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Daunting And Condescending Testimony Exhausts Jury

Yolo-Count-Court-Room-600by Jane Fitzsimmons, Marya Alloo, and Antoinnette Borbon

 With still weeks of testimony to go, the jury in Department One has seen its fair share of medical testimony, which seems to be dragging them in circles.

Quentin Stone is the father accused of “shaking” his two-month-old baby, which potentially may have caused the baby’s death. The trial, which started last week, involves the contention that three-month-old Samuel Stone died from injuries that included bleeding in his brain, retinal hemorrhages and fractured ribs, and has left many questioning the charges at hand.

Today the trial continued, with the return of Doctor Coulter, the chief of pediatrics at UC Davis Medical Center. Coulter, who has examined more the 1,000 child abuse cases and has testified in over 200 cases as an expert in child abuse, felt that two-month-old infant Samuel’s death was not an accident.

When baby Samuel arrived at the ER at UC Davis Medical Center, a specialist in optometry examined the infant’s eyes. The eyes, Coulter stated, are examined to rule out any retinal hemorrhages that are commonly found with head injuries. When the retinas of the infants were examined, multiple hemorrhages were located on multiple layers of the retina.

When asked by Deputy D.A. Robin Johnson about how retinal hemorrhages occur, he stated that “retinal hemorrhaging can occur when there is increased pressure in the brain which pushes on the head of the optic nerve.” Johnson, who seemed to quickly brush Coulter’s response aside, began questioning Coulter with an emphasis on the idea of “shaking baby syndrome.”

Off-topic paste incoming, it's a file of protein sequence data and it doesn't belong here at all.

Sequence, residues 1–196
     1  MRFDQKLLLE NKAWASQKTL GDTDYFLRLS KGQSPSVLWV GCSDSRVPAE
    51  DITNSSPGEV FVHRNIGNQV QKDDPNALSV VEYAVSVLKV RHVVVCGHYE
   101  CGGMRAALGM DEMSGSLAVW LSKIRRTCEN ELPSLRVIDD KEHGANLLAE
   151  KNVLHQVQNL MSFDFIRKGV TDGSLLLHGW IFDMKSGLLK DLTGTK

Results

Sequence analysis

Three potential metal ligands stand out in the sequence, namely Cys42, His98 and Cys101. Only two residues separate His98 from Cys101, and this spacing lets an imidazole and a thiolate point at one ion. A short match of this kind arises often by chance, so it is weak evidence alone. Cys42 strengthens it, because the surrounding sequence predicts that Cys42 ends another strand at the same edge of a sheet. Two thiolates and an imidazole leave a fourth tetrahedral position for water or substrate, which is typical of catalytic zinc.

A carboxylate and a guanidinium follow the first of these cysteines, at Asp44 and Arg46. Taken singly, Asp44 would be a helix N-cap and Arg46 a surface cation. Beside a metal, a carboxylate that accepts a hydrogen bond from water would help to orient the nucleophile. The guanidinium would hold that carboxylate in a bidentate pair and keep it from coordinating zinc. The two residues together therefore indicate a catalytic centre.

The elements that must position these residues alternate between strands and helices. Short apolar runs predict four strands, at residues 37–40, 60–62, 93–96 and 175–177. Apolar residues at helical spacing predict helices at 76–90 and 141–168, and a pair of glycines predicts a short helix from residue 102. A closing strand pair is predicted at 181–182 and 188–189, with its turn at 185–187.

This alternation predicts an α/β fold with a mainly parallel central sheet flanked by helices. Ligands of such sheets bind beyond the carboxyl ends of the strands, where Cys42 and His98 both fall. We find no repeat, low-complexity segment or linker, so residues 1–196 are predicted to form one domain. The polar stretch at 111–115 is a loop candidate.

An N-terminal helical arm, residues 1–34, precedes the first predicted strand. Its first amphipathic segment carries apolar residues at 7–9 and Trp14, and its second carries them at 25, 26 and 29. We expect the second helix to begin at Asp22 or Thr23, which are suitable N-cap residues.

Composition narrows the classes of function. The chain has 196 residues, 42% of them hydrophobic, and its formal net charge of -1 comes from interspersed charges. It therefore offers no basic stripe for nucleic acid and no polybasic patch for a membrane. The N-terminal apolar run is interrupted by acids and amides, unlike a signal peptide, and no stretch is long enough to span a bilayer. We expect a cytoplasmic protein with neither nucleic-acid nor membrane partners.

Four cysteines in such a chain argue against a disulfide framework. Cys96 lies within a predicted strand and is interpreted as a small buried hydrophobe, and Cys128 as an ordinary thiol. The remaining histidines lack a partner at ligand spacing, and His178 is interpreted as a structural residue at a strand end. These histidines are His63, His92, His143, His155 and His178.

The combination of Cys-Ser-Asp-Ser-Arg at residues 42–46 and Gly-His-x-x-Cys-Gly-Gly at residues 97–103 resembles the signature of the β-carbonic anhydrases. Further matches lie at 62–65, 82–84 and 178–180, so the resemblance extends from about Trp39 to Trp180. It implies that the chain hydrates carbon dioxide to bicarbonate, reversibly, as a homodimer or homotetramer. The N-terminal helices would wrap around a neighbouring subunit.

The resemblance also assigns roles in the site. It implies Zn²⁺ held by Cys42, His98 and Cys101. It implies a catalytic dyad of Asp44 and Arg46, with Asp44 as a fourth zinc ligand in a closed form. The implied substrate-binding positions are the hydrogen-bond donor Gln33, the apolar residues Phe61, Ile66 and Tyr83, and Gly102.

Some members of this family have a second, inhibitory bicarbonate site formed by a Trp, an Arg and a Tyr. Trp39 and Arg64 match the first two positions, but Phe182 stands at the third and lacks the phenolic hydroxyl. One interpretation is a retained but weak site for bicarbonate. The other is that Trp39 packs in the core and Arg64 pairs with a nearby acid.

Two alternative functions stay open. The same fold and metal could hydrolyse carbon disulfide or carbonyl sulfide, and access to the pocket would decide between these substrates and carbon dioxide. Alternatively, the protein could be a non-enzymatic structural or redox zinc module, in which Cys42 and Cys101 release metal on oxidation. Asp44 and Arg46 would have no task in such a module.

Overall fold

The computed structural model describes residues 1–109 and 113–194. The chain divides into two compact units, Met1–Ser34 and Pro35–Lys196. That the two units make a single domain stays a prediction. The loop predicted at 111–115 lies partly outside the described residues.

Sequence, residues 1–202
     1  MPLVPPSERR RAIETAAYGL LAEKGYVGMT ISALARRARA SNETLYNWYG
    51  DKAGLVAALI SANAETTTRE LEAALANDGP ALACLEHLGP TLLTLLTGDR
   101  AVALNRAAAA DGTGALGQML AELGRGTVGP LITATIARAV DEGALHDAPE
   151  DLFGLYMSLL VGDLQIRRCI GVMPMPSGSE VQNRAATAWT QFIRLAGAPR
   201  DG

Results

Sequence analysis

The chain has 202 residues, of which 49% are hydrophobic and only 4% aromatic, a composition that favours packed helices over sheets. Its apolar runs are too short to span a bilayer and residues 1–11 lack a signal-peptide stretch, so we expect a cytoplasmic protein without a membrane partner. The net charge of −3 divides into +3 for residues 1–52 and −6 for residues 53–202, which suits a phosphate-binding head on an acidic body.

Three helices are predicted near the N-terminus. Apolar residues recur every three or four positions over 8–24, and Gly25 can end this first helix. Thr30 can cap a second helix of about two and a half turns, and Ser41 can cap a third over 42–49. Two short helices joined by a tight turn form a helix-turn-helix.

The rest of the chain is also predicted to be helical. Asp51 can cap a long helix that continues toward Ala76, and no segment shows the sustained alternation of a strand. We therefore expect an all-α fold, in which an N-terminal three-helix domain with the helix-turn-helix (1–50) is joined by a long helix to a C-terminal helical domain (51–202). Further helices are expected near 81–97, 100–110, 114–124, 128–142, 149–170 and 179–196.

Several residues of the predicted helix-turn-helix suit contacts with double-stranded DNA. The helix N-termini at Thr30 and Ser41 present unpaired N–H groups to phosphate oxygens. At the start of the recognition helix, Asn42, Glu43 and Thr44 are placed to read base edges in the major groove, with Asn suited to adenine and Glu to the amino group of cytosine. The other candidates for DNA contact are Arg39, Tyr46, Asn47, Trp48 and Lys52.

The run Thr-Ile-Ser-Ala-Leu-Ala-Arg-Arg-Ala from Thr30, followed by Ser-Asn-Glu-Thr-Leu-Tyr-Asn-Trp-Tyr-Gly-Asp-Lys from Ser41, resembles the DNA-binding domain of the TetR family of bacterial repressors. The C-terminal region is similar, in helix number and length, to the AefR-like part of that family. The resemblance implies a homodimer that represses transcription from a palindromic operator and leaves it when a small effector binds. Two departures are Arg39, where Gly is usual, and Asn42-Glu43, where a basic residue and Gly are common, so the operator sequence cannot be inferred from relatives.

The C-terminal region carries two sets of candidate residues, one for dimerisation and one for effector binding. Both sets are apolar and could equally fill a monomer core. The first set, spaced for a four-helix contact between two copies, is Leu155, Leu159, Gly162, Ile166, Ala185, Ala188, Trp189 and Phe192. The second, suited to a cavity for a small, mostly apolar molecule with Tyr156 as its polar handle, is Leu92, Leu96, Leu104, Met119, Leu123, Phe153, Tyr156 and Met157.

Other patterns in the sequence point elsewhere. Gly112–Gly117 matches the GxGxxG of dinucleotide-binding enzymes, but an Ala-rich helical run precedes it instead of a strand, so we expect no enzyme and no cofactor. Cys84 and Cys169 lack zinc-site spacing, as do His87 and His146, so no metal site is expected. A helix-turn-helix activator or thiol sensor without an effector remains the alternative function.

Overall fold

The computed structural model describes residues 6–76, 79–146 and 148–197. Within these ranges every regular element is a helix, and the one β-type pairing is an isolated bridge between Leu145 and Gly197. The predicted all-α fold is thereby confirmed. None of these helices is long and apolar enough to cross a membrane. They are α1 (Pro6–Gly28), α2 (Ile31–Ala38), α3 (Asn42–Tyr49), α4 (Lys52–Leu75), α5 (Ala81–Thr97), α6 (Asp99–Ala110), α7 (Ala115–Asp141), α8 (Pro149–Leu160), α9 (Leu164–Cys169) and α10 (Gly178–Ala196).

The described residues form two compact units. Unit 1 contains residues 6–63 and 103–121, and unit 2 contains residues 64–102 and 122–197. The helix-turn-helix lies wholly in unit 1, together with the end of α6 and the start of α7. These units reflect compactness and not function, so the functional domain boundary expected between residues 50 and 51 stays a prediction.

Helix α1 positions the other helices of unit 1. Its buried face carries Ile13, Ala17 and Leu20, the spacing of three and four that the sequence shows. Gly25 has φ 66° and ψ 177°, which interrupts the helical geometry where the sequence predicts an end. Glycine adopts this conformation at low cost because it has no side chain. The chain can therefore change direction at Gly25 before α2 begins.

Shaking baby syndrome, according to the chief of pediatrics, is associated with retinal hemorrhaging. When a person is being shaken, the gel in their eyes also will be moving. With the repetitive movement of the gel, swelling of the optic nerve can occur, and can ultimately lead to retinal hemorrhaging. Oddly, later on in the testimony Coulter seemed to contradict himself by stating “I do not feel retinal hemorrhaging is associated with abuse.” Many of the jurors’ faces were left puzzled as the testimony continued.

It is interesting to note that Coulter’s first response to the reasoning behind retinal hemorrhaging was that it could be associated with increased pressure in the head. A CT scan done at the ER at UCD Medical Center showed that the two-month old infant did have a tremendous amount of fluid causing pressure in his head. When asked later in the testimony what doctors would do to relieve the pressure associated with fluid in the head, Coulter responded with the first thing doctors would do would be to drain the fluid by inserting a needle into the head, which could ultimately lead to saving the person’s life. When asked if draining of the fluid in the infant’s head was something doctors were considering the day before, Coulter responded, in a questioning tone, that “Neuro felt it was unnecessary?”